Phronesis | Crescent Arts Centre | Belfast, Ireland | May 30, 2014
Slightly sorry, that is, because in times when jazz is often a hard sell, a ‘sold out’ sign is music to the ears—certainly for those lucky to have bagged a ticket for Phronesis’ penultimate date of its UK tour promoting Life to Everything (Edition Records, 2014). It’s also tremendously encouraging to the promotors, Moving On Music, the venue and the band itself, all of whom can be sure they’re doing something right.
One of the few modern jazz piano trios of the past decade that really doesn’t sound in any way like the Esbjorn Svensson Trio, Phronesis music is built on the equality of the three voices. Even when pianist Ivo Neame soloed with free-flowing gusto on “Urban Plan” there was never the feeling that bassist Jasper Hoiby and drummer Anton Eger where anything less than vital components in the mix; an essential part of Phronesis’ make-up lies in its constant rhythmic vitality and flexibility—Hoiby’s grooving ostinatos, Neame’s elastic vamps and Eger’s array of colors are the bones of the closely-knit interplay.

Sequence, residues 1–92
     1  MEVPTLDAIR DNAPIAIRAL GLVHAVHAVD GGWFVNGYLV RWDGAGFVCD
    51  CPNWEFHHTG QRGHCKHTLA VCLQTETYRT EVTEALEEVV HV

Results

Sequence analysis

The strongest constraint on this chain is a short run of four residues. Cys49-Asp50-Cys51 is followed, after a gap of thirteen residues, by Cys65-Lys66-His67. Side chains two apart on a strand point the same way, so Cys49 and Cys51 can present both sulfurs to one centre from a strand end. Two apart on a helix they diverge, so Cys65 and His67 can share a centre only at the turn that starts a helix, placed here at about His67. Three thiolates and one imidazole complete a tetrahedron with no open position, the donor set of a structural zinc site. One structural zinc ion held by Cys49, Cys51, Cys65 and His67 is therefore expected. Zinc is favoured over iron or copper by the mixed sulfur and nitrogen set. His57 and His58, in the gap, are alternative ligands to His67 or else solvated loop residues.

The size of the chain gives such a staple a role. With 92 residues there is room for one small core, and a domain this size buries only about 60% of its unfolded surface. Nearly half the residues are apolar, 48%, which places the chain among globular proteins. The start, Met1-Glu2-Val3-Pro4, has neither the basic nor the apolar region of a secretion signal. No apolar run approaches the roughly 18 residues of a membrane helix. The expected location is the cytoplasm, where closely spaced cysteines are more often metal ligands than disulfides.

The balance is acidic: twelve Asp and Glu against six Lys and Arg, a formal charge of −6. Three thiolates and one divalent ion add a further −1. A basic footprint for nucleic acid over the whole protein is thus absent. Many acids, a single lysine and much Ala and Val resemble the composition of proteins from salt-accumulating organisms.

Eger’s Afro-Caribean-flavored rhythms on mallets announced the dancing “Songs for Lost Nomads,” which moved from tightly coiled collective groove to a looser improvisational dynamic. “Behind Bars” shifted through the gears, from the delicate piano and arco intro—with Eger’s hands gently animating snare and cymbal—to flowing collective freedom; Neame and Eger sent a flurry of little messages back and forth, escalating the drama, with Eger winning the prize hands down for best face contortions. Even on brushes, as on the lyrical, piano-led “Phraternal,” Eger’s quiet industry was impressive. The first set closed with tightly woven interplay on the punchy “Herne Hill,” which Hoiby dedicated to Sue Edwards, a tireless jazz advocate on both sides of the Atlantic for three decades.